As a tourist and then a resident, I’ve spent a lot of time travelling around New Zealand, exploring the country. There are still a few places that I’ve never been though, and lots that I’ve only been to once.
Like Taranaki. (that’s the bit in green)
Taranaki’s city, New Plymouth, is only 5 hours away from Wellington (the little curvy-in-pointy-bit at the bottom of the North Island), but I’ve only been once, for a work trip (not that that was too bad – we got to go to Hurworth Cottage) .
So when my friend Rachel (who makes a number of appearances looking utterly adorable in my Art Deco weekend posts from this year) invited me to come up and visit her family farm (oooh!) and to meet with a family friend with lots of old stuff (OOOOOH!) I jumped at the chance.
I am a sucker for farms and old stuff, and Rachel is just a pretty darn awesome person to spend time with, so obviously, I was keen!
We drove up on Friday afternoon, arriving at the farm after dark, and waking up the next morning to a sparkling blue Taranaki day.
If you’re in Taranaki, it’s easy to tell. There is a mountain:
It’s called Taranaki.
Or Mt Egmont, if you are a bit old-fashioned and colonial. But Taranaki means ‘shining mountain’ and Egmont was just some fancy English guy who gave Captain Cook some money, so obviously Taranaki is a better name.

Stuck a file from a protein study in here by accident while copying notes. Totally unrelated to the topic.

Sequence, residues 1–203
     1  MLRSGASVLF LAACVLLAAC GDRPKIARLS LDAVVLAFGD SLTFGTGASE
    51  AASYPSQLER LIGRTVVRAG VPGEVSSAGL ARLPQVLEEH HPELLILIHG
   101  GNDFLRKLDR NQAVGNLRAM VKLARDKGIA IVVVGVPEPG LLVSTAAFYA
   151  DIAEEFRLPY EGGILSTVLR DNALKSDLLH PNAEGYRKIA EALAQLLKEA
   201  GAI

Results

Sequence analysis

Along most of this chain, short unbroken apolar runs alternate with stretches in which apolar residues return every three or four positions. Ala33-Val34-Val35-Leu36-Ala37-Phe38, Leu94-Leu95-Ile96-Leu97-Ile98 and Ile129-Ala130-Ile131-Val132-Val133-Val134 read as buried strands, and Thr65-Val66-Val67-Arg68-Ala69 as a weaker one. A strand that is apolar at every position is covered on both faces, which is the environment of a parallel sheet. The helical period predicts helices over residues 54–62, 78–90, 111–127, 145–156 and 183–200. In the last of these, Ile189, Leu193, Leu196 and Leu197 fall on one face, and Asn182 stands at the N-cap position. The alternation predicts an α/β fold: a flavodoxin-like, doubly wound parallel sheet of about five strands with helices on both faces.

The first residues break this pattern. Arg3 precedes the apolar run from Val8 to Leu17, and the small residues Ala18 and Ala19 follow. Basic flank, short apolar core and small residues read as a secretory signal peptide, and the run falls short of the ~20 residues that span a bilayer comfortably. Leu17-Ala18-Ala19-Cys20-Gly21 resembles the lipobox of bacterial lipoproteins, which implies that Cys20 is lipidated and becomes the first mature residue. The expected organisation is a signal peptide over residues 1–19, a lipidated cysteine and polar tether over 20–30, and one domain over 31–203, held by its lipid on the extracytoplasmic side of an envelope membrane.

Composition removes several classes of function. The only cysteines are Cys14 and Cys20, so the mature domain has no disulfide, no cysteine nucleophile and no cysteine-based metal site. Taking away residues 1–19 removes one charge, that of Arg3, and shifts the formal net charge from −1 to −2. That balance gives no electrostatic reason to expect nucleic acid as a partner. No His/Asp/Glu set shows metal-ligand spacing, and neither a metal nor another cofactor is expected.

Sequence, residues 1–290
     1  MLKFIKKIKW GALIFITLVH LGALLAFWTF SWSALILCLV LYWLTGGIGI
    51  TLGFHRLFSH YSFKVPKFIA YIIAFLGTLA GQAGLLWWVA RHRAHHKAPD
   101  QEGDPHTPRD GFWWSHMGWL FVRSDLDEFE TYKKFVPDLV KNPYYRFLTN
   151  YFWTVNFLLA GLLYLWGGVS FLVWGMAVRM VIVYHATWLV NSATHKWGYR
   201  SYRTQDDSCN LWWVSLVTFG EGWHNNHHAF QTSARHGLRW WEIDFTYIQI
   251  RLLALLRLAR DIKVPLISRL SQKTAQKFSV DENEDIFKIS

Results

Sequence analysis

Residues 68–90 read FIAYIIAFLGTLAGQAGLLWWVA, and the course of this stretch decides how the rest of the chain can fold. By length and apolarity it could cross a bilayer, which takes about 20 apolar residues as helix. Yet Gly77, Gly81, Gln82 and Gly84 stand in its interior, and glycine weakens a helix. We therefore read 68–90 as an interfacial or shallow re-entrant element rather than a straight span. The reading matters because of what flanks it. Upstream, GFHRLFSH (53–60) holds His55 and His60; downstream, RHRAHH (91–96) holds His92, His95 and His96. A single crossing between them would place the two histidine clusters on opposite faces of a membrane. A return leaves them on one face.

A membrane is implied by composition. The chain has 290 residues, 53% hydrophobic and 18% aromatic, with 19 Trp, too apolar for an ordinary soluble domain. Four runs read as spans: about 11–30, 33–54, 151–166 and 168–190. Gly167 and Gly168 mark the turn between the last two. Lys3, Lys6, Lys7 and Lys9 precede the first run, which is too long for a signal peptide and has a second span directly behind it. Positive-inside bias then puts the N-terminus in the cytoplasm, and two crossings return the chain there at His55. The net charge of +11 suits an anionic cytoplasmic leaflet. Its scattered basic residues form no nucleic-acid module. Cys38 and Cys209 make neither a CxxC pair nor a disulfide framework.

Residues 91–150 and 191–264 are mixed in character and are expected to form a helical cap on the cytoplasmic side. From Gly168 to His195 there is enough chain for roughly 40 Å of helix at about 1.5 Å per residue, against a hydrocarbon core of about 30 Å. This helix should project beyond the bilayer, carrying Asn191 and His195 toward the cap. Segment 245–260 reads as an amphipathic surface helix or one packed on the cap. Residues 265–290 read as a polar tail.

We were staying on Rachel’s family farm, and not only is it a farm (oooh!), it’s a deer farm (OOOOOH!). Deer > Cows or sheep. Obviously.
So Saturday morning I got to hang out with the deer. The stags had just finished their roar season, so it was safe to be in the pen with them, as long as you were a bit alert.
Sadly we couldn’t be in the pen with their pet deer, Lucky, because Lucky loves humans SO much that she gets a bit excited when they show up, and she weighs twice as much as we do and has some wicked hooves on her, so we had to snuggle through the wires.
She was basically like a deer Felicity. She gets the same expression of utter delight and contentment when you give her chin scratchies.
She was particularly interested in my wonderful ’70s does ’30s tweed jacket (by Hornes, London ‘by appointment to H.M. Queen Elizabeth II, Livery Tailors, natch) which she kept trying to eat. Good taste that deer! 😉
(small moment to appreciate the fact that I am wearing tweed and gumboots, like some Country Life fashion plate!)
The weekend wasn’t all country living though. It turns out we’d come out on the perfect day: after literally decades of planning and arguing the Len Lye Centre had just opened in New Plymouth, and we headed in to join the festivities.
The centre is…shiny.
Like, really, really, REALLY shiny!
Light up the whole street, reflect everything going by, warm you up on a cold winter day, make it impossible to tell where the building starts and the street ends shiny.
And FABULOUS. Way more amazing than it looks in pictures.
Inside it’s all wavy and smooth marble floors that are slanted just enough that you desperately want to get a piece of cardboard and a little bit of vegetable oil and go for a slide.
It’s got cool lighting:
And, of course, Len Lye artworks, which are fascinating. They move and shimmer and make noise.